I am lucky to have some Morse taper sockets for capstan lathes, they are different od's and ground true. Also, I have various sizes of ball race inside and outside elements kept mainly as parallels for milling. With care and testing, even the inexpensive Chinese and Indian chucks can give pretty good results. At the museum, there is a Chinese K11 125mm Huhhot chuck, made in 2003 which is the equal of any of the PB chucks we have. Unfortunately they seem to have gone out of buisiness.

I mark the best socket with a small scratched cross, just in case the sweet spot changes in the future.

Edited By old mart on 04/06/2021 16:00:04

old mart05/06/2021 17:34:35
3720 forum posts
233 photos

_igp2787.jpg_igp2786.jpg_igp2785.jpgI have an update from preparing a 160mm three jaw scroll chuck for jaw grinding. Firstly, I modified the backplate for the lock to make running in reverse safe. After that was done, I skimmed the front face, it had 0.001" tir wobble. The chuck got dismantled and cleaned in the parts washer. The jaws were drilled in two places each, 6mm x 10mm deep with a solid carbide drill. The steel is surface hardened, but still quite hard in the core. The chuck is one I bought cheaply second hand, but it had never been used. I think it is of Indian origin as the jaws seem to be Bison dimensions, not the K11 design.

Before doing anything else, I got the main body running true, and then tried out three sizes of ground barstock. Smallest was a 16mm od test bar, then a 1" od MT capstan lathe socket, and finally a 55mm size. I couldn't find anything bigger, but not too big.

The results have been remarkably consistant. All three sizes using all three sockets gave 0.003" or slightly less runout with the high spot always in the same place. So far, I have only checked the inside of the inside jaws. It should be pretty good after grinding.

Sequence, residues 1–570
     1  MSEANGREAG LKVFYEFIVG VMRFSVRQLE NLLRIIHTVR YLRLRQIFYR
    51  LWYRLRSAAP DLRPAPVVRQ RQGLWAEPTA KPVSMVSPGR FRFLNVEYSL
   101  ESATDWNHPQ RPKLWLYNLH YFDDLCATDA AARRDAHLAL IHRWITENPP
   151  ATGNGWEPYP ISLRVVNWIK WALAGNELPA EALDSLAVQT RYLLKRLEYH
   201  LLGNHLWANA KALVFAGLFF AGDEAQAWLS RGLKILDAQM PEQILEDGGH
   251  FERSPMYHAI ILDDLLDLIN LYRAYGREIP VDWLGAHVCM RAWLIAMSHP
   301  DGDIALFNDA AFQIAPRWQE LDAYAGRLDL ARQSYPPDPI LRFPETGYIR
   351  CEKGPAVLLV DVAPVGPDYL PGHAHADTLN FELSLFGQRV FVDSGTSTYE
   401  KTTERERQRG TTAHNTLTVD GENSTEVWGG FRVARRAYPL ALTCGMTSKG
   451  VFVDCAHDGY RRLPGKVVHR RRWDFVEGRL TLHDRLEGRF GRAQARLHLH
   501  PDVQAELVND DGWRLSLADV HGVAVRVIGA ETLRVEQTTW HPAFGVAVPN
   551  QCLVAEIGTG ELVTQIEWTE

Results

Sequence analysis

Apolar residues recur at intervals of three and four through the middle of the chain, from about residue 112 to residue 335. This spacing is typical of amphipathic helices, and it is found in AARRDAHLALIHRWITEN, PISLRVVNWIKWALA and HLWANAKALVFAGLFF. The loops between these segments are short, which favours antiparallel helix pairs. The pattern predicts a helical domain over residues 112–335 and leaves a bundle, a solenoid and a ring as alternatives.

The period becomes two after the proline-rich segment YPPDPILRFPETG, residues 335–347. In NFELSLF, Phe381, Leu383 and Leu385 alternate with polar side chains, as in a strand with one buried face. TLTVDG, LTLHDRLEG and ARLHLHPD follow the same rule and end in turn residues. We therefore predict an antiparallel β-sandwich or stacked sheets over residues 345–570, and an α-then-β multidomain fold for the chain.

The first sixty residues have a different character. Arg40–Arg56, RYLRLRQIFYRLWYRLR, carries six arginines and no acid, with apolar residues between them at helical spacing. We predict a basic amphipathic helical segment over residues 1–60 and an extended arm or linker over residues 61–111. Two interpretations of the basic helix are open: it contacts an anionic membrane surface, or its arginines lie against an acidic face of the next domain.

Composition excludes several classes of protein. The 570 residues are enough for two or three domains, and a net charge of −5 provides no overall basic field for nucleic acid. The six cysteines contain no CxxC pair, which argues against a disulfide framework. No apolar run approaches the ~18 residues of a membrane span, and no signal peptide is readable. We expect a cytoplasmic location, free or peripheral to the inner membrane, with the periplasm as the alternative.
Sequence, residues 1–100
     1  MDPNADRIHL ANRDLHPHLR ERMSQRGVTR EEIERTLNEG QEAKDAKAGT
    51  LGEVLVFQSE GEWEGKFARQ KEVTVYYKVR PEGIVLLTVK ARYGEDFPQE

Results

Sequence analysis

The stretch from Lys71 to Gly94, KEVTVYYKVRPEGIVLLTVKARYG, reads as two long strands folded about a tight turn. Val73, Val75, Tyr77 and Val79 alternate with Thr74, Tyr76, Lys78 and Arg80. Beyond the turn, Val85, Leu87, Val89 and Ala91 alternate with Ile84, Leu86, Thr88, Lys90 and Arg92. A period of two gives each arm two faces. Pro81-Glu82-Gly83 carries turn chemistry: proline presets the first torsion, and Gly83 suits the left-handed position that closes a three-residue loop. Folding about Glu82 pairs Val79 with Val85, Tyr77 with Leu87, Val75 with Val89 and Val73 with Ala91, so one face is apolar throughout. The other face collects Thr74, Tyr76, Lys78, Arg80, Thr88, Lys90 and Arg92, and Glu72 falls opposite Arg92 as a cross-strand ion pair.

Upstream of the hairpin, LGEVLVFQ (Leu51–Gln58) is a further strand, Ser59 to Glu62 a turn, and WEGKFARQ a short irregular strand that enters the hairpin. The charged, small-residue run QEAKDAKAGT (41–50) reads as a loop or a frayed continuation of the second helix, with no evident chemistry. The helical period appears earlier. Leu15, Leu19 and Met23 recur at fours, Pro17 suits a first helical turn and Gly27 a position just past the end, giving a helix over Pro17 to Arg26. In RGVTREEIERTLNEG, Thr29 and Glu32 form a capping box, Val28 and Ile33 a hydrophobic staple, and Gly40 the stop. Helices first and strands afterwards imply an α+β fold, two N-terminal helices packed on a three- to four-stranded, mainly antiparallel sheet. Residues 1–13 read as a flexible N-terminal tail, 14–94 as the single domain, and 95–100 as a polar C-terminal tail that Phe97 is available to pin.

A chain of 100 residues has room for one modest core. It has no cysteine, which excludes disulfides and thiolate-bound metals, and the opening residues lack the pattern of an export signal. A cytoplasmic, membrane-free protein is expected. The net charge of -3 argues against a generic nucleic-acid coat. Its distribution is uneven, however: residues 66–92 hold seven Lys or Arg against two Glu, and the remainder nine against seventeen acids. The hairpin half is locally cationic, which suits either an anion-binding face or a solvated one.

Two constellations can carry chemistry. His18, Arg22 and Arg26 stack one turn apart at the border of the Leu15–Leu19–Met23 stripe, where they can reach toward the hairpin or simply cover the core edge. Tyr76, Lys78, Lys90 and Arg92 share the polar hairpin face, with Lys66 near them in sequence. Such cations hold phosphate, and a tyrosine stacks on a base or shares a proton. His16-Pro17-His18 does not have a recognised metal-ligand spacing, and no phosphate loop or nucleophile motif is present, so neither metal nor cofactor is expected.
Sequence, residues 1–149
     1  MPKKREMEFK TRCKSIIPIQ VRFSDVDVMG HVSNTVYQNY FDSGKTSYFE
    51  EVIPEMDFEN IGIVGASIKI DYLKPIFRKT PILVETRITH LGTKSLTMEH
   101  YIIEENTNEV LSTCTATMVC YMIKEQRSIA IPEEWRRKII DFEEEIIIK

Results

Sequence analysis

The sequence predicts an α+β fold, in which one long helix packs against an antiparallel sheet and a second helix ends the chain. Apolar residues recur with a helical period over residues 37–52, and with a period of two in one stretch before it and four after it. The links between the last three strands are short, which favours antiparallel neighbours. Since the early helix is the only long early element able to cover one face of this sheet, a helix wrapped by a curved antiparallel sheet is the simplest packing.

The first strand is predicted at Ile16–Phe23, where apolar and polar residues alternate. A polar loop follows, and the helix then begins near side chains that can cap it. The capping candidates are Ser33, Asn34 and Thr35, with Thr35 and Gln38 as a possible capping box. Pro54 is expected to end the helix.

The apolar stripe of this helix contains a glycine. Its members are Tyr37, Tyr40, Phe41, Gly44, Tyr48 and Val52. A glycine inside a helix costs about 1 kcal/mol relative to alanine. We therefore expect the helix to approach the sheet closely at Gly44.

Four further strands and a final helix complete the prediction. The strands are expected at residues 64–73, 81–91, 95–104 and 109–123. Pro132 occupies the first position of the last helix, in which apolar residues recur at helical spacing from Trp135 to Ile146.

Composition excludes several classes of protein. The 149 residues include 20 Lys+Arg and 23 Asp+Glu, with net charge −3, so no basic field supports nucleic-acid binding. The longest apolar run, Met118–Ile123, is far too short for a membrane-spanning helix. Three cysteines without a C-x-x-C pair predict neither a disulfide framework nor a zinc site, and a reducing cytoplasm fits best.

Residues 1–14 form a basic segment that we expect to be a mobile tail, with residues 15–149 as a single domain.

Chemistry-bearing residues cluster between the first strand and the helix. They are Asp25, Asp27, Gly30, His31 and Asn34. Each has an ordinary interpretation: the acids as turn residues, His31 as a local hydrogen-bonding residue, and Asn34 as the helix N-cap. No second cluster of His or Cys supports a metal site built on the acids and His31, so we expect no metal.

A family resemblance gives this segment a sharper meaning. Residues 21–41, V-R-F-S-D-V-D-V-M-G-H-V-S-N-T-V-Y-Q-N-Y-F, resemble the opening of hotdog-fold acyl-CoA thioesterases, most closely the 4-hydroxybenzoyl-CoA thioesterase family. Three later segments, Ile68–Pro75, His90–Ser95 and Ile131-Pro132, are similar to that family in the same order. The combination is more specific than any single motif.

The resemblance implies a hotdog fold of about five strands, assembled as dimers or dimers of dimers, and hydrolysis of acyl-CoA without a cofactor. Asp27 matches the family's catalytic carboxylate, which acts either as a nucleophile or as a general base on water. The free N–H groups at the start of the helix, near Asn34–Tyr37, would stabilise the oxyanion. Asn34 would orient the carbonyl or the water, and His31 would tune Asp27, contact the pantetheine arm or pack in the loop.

Since there was no definite best socket, I will use the one marked with an O.

Edited By old mart on 05/06/2021 17:37:22

Edited By old mart on 05/06/2021 17:39:19

Tony Pratt 105/06/2021 19:28:05
1930 forum posts
12 photos

A 3 jaw is a 3 jaw, never super accurate but good enough. Not the best work holding device for 2nd op machining.


old mart05/06/2021 19:35:35
3720 forum posts
233 photos

I have a serrated jaw chuck for when precision is needed and the 4 jaw independent is not ideal. Of course, the soft jaws have to be machined up every time, and getting the exact size without a three point bore mic is a bother. I have turned up a stepped gauge in the past when boring the jaws when the best fit is needed. With that chuck the master key that I find easy to remember is the one nearest the round label.

Edited By old mart on 05/06/2021 19:38:53

John Reese06/06/2021 23:17:04
1035 forum posts

I doubt that it makes much difference which slot the no. 1 jaw goes in. Just make sure that the jaws are in the right order and that engage the scroll properly. As to the order of tightening the pinions I suggest you find out which pinion gives the best concentricity and always use that pinion when tightening. My 6" Buck and 8" PBA have only one pinion. I don't bother with which pinion to tighten!